March 2007

PRA president, Kira Lueders, gave an opening statement welcoming everyone to the meeting and then introduced our guest speaker, Director of The Office of Community Liaison at NIH, Dennis Coleman, who had been invited to talk to us regarding how the move from Walter Reed (WR) to Navy Hospital (Navy) will impact our neighborhood.

Dennis Coleman is a member of the NIH Community Liaison Council, which consists of representatives of about 15 homeowner organizations that surround NIH who meet once a month to discuss, follow, topics such as traffic, noise, security, etc.

Below is a summary of Mr. Coleman's presentation:

The Department of Navy filed a Notice of Intent (NOI) with the Federal Register on November 21, 2006. This is when they announced their real facts and figures behind the relocation of Walter Reed.

Approximately ten (10) years ago, Congress voted to consolidate military bases - thus the Base Realignment and Closure Commission was created and sent their recommendations to Congress. One of these being the relocation of the tertiary care facilities from WR to Navy. Tertiary care means the most complex. The primary and secondary care units would move to Fort Belvoir.

Some current stats are: NIH consists of 18,000 employees and 310 acres. Navy consists of 7,000 employees and 243 acres.

Once the NOI was made public, the true numbers were realized: 1.75 million square feet of facilities; 1.03 million of parking; 2500 new staff and 535,000 additional patients and visitors equating to approximately 2,200 outpatient visitors a day.

The Navy is bound by NEPA (National Environmental Policy Act) disclosure law. Therefore, we have the ability to find out their plans, ask questions and make real recommendations. Mr. Coleman stressed that we do not need to give up hope and think they will do whatever they want.

Last December/January Navy presented at one of their public meetings a plan they are considering: (Mr. Coleman had a copy of their "diagram/presentation") stating: "site potentially available for development" - it is a lot of their green space. The only impact the Navy is considering was on the inside of their borders.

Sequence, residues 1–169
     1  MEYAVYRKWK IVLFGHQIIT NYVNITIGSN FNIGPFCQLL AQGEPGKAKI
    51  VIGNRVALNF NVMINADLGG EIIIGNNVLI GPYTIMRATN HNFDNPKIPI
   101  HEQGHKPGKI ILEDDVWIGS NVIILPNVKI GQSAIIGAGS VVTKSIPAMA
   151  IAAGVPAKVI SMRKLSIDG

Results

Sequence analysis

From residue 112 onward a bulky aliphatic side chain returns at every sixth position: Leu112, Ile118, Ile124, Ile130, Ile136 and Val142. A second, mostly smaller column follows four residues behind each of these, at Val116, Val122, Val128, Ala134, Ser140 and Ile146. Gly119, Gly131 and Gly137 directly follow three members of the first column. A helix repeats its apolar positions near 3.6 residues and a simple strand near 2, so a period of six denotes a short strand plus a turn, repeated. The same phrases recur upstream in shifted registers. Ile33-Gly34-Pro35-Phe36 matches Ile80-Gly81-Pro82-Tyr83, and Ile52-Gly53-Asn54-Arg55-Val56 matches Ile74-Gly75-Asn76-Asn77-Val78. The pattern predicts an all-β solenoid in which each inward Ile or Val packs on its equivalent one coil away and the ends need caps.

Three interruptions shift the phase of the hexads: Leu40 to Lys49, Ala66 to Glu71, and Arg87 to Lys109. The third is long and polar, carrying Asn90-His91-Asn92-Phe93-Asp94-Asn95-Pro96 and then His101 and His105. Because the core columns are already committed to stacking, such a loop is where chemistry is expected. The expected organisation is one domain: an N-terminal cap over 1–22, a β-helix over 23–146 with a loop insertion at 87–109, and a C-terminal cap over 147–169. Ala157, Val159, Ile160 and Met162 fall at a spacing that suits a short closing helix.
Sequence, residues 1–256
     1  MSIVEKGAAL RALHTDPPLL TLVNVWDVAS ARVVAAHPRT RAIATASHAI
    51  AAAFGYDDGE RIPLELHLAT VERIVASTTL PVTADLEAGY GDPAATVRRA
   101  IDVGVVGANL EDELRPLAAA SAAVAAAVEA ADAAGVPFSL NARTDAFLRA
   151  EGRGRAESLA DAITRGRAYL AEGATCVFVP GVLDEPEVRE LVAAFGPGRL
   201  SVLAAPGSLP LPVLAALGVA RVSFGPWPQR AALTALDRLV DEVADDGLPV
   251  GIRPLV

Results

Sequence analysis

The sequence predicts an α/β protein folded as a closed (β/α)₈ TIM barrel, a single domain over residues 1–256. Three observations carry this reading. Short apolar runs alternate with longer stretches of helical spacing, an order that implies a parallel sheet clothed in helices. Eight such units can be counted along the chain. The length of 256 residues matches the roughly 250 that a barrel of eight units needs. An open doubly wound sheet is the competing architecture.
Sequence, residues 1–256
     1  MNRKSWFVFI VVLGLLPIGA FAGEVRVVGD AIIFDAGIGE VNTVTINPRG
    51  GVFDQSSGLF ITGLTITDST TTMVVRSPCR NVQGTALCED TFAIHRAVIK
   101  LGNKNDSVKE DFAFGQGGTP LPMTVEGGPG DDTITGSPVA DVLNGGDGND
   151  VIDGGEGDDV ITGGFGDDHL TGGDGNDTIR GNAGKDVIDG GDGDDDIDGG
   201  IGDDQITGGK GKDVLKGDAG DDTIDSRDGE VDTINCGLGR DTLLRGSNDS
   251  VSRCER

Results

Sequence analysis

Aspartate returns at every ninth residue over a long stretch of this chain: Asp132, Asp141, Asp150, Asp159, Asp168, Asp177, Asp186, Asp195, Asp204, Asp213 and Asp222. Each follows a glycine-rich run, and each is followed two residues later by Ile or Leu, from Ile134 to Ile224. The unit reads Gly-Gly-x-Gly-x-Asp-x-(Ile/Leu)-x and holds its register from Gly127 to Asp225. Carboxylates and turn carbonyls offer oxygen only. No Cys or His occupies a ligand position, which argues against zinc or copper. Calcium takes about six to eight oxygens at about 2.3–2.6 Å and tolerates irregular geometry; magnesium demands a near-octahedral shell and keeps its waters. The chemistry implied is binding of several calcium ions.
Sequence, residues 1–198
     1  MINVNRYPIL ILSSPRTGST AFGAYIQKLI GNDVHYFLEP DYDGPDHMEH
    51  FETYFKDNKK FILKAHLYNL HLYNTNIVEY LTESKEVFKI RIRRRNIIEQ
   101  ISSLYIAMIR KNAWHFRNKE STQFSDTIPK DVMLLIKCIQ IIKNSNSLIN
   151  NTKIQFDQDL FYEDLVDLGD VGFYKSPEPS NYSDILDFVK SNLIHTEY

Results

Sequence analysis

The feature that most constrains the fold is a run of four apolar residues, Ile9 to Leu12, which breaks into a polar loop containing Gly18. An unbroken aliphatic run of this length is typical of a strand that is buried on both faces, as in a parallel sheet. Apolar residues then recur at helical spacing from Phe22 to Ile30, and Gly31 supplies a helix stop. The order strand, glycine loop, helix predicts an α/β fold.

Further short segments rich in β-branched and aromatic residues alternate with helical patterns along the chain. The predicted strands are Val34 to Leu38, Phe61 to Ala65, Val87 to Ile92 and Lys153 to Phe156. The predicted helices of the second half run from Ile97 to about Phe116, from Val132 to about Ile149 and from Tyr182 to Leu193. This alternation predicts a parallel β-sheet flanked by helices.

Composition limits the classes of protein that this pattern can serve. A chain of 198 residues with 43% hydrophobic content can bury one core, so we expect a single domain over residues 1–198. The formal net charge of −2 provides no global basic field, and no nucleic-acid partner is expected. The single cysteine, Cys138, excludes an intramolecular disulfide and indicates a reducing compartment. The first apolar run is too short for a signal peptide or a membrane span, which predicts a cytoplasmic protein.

The latest actual traffic counts on the roads surrounding NIH are from 2005. Route 355 has 63,500 cars a day. This number is a total of all lanes - both sides. This number drops to 31,000 less than a mile away. So engineers use this data in their traffic studies There are six congested intersections in the vicinity of NIH and the Navy site. Four of those areas are in the top ten list of the worst intersections in the entire Montgomery County and that's out of more than 100. Wisconsin and Cedar Lane - a famous and well talked about intersection identified by our County Council. Mr. Coleman went on to explain that that is what local governments do - they identify problem situations but do not have any money to fix it. It would cost $31 million dollars just to build what is called a grade separation there. What does that mean - well its not like a clover leaf where you change highways without stopping. In a grade separation roads go over or under one another, i.e. Rt. 355 goes under Cedar or Cedar goes under Rt. 355. Two of the locations are currently under consideration Rt. 355 and the beltway and 355 and Jones Bridge Road. These two were the cheapest to fix. The Consolidated Transportation Plan (CRP) for 2006-2007 from the State of Maryland describes the actual construction projects that are designed and planned. The four remaining trouble intersections did not make the cut.

Navy will be coming out with a draft Environmental Impact Statement on June 6th giving an analysis of all feedback they have received so far along with the studies and when they are planning on going forward. This process of discovery will probably run till the middle of July.

Traffic concerns were the major topic discussed during the question and answer session that followed Mr. Coleman's presentation. BRAC will be further discussed at the June meeting once the Navy issues an Environmental Impact Statement.

Paula Flicker presented the proposed budget for the coming year, and a vote was taken to accept the budget, which included a donation of $100 to CABE (Citizens Against Beltway Expansion) and $250 to the Walter Johnson High School.

Kira presented results of the municipality survey, which indicated that there appears to be no interest at all in pursuing this subject among the residents who voted.

Kira also reported that there were no new developments to report on the issues of traffic calming or tree trimming.

Liz Brennan gave a brief report on CKC.

Kitty Stone was unable to attend, so Paula presented a membership report.

Claire Murphy, beautification chairman, gave a report on the maintenance of the Saul Road island.

Kira notified PRA that some residents who live across the street from Kensington-Parkwood School on Saul Rd had requested the support of PRA in applying for residential parking permits.

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